U.S. aerospace and defense company Boeing is still in damage control mode as its best-selling jet remains banned – but if he really wants to turn a new leaf, experts say he might consider to shake up his board.
Boeing is reeling from two fatal 737 Max crashes – in October 2018 and March 2019 – which resulted in the deaths of 346 passengers. Engineering issues have been called into question as a potential cause of the accidents. Its stock closed up more than 1.5% on Thursday, following reports the aircraft maker was not responsible for the crash of a Boeing 737 operated by Ukraine International Airlines on Wednesday. The indications are that he was shot dead by the Iranian army.
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Yet for nearly a year, the company received criticism on everything from manufacturing decisions to its response to accidents. The words were reflected in the stock market performance which is down more than 4 percent from a year ago. The second crash of the 737 Max – an Ethiopian Airlines jet – occurred on March 10, 2019, five months after a Lion Air crash.
After updating software, crew manuals and pilot training protocols for the 737 Max, Boeing CEO Dennis Muilenburg resigned last month.
But many business experts believe the issues go far beyond Muilenburg, to a corporate culture rushed by a board of directors that has largely escaped scrutiny.
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Nell Minnow, vice president of ValueEdge Advisors, holds Boeing’s board of directors “fully accountable for the failings of the business.”
âThe shift from a manufacturing mindset, based on quality and safety, to a financial mindset, based on accounting was something they endorsed and supported – and encouraged through incentive pay. that they designed, “Minnow, who was once dubbed” the queen of good corporate governance, “said FOX Business.
Boeing’s best-selling 737 Max jet has its origins in the 1960s. The company was planning to build an entirely new aircraft in 2011, but competitive pressure from rival Airbus would have led the company to simply update its current model to the place. That decision – along with bigger engines – made the plane more likely to stall, which the company fixed with software that pushes the plane’s nose down under certain circumstances. This software – which many pilots claimed not to know about – is believed to be what contributed to the fatalities.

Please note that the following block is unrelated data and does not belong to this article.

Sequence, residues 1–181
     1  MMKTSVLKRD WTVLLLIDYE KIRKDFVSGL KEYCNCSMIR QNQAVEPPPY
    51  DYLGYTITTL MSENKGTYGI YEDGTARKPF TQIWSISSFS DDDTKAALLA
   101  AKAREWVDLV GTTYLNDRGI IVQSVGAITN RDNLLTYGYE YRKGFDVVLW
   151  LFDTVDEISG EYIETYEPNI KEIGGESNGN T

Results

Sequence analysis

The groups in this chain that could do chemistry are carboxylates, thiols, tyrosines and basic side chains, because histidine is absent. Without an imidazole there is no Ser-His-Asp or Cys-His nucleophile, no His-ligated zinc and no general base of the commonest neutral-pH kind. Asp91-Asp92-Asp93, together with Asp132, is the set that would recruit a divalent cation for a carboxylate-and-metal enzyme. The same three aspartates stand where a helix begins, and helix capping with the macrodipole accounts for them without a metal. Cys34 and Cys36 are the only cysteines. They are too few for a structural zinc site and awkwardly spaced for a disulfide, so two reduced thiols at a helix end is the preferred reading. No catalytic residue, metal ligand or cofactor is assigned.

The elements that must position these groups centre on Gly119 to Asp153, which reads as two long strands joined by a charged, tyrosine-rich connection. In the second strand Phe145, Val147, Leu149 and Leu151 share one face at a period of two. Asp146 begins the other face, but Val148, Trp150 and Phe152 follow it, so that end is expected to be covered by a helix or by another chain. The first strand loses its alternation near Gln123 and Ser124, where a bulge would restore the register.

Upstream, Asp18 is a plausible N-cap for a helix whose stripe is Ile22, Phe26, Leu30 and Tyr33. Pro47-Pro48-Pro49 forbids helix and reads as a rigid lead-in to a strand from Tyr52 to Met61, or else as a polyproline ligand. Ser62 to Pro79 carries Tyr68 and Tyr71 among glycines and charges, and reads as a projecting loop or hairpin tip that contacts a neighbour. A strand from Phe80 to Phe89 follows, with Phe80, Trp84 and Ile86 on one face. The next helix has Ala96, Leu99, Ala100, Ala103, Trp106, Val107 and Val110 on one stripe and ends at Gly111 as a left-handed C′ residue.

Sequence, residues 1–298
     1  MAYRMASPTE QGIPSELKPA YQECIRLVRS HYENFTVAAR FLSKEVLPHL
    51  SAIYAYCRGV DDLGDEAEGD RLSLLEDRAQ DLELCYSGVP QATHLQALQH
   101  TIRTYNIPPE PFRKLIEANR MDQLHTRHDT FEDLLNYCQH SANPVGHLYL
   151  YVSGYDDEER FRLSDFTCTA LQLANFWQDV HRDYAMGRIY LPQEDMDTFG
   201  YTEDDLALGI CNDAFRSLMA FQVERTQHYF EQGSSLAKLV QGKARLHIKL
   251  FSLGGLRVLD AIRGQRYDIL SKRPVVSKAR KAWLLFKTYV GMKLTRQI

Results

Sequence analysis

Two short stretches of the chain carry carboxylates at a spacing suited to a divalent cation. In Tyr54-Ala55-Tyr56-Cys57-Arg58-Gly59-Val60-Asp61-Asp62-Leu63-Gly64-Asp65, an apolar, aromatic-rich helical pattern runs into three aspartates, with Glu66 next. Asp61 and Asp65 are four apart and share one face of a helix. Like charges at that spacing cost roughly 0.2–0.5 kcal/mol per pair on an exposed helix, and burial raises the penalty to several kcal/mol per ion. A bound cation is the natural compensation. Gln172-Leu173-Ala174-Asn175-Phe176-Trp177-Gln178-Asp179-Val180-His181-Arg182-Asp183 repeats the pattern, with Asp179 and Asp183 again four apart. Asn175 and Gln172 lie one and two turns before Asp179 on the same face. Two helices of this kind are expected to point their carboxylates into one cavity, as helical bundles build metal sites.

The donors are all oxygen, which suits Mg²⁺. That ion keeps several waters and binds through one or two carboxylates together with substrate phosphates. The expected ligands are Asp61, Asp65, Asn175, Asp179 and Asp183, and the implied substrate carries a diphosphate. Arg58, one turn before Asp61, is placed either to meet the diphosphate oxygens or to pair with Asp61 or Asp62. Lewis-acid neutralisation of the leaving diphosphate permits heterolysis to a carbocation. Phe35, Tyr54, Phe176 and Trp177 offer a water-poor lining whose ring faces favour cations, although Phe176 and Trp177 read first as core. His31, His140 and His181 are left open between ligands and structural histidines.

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Minnow added that everything from the mismanagement of whistleblower concerns about potential issues with the plane to the slow response after the first crash, “everything indicates that the board is the problem.”
The board is made up of a number of high-level members, including Amgen CEO Robert Bradway, the seventh vice chairman of the United States Joint Chiefs of Staff, Admiral Edmund P. Giambastiani Jr., President of Duke Energy Lynn Good, Former United States Ambassador to the United Nations Nikki Haley, Former United States Ambassador to Japan Caroline Kennedy and Former Allstate CEO Edward Liddy.
But while the board is teeming with powerful names, there may be one critical factor missing – relevant experience.
âThe board lacked the broad level of expertise that would have made it more sensitive to these issues earlier,â Charles Elson, Edgar S. Woolard, Jr., Chair of Corporate Governance at the University of Delaware told FOX Business. âA refresh of the board is probably a good idea at the moment. “
Elson said – assuming the board was aware of the issues and Muilenburg hadn’t been hiding anything from them – they absolutely bear some of the responsibility for what happened.
The average amount of board members earned in 2018, according to the Los Angeles Times, was $ 345,480.
Meanwhile, Boeing’s problems persist. The Federal Aviation Administration has yet to clear the 737 Max, which will remain grounded in the interim.
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The company not only lost billions of dollars to the downtime and shutdown of production of 737 MAX aircraft, but it also began to lose the trust of its business customers and passengers – who made up once the backbone of its strong brand reputation.
âIt was the Boeing brandâ¦ safety,â Elson said. “What they have managed to do during this time is seriously affect their reputation for safetyâ¦ is the potential destruction of a brand.”
And perhaps another question for the company as it struggles to regain a foothold with customers, regulators and passengers is what changes it expects to make from the appointment of a replacement CEO – David Calhoun – who was on the board throughout the debacle.
âThere was a cultural problem that was identified – how can you fix the culture with someone who was part of it? Elson asked. âHe was just as much a part of things as the former CEO and he supported the former CEO for a long time. And that’s the danger.
Calhoun said in a statement in October that the board had “full confidence” in Muilenburg as CEO. Calhoun has been Senior Managing Director and Head of Private Equity Portfolio Operations at The Blackstone Group since 2014. He previously worked at Nielsen and General Electric.
A Boeing spokesperson has been contacted for comment by FOX Business.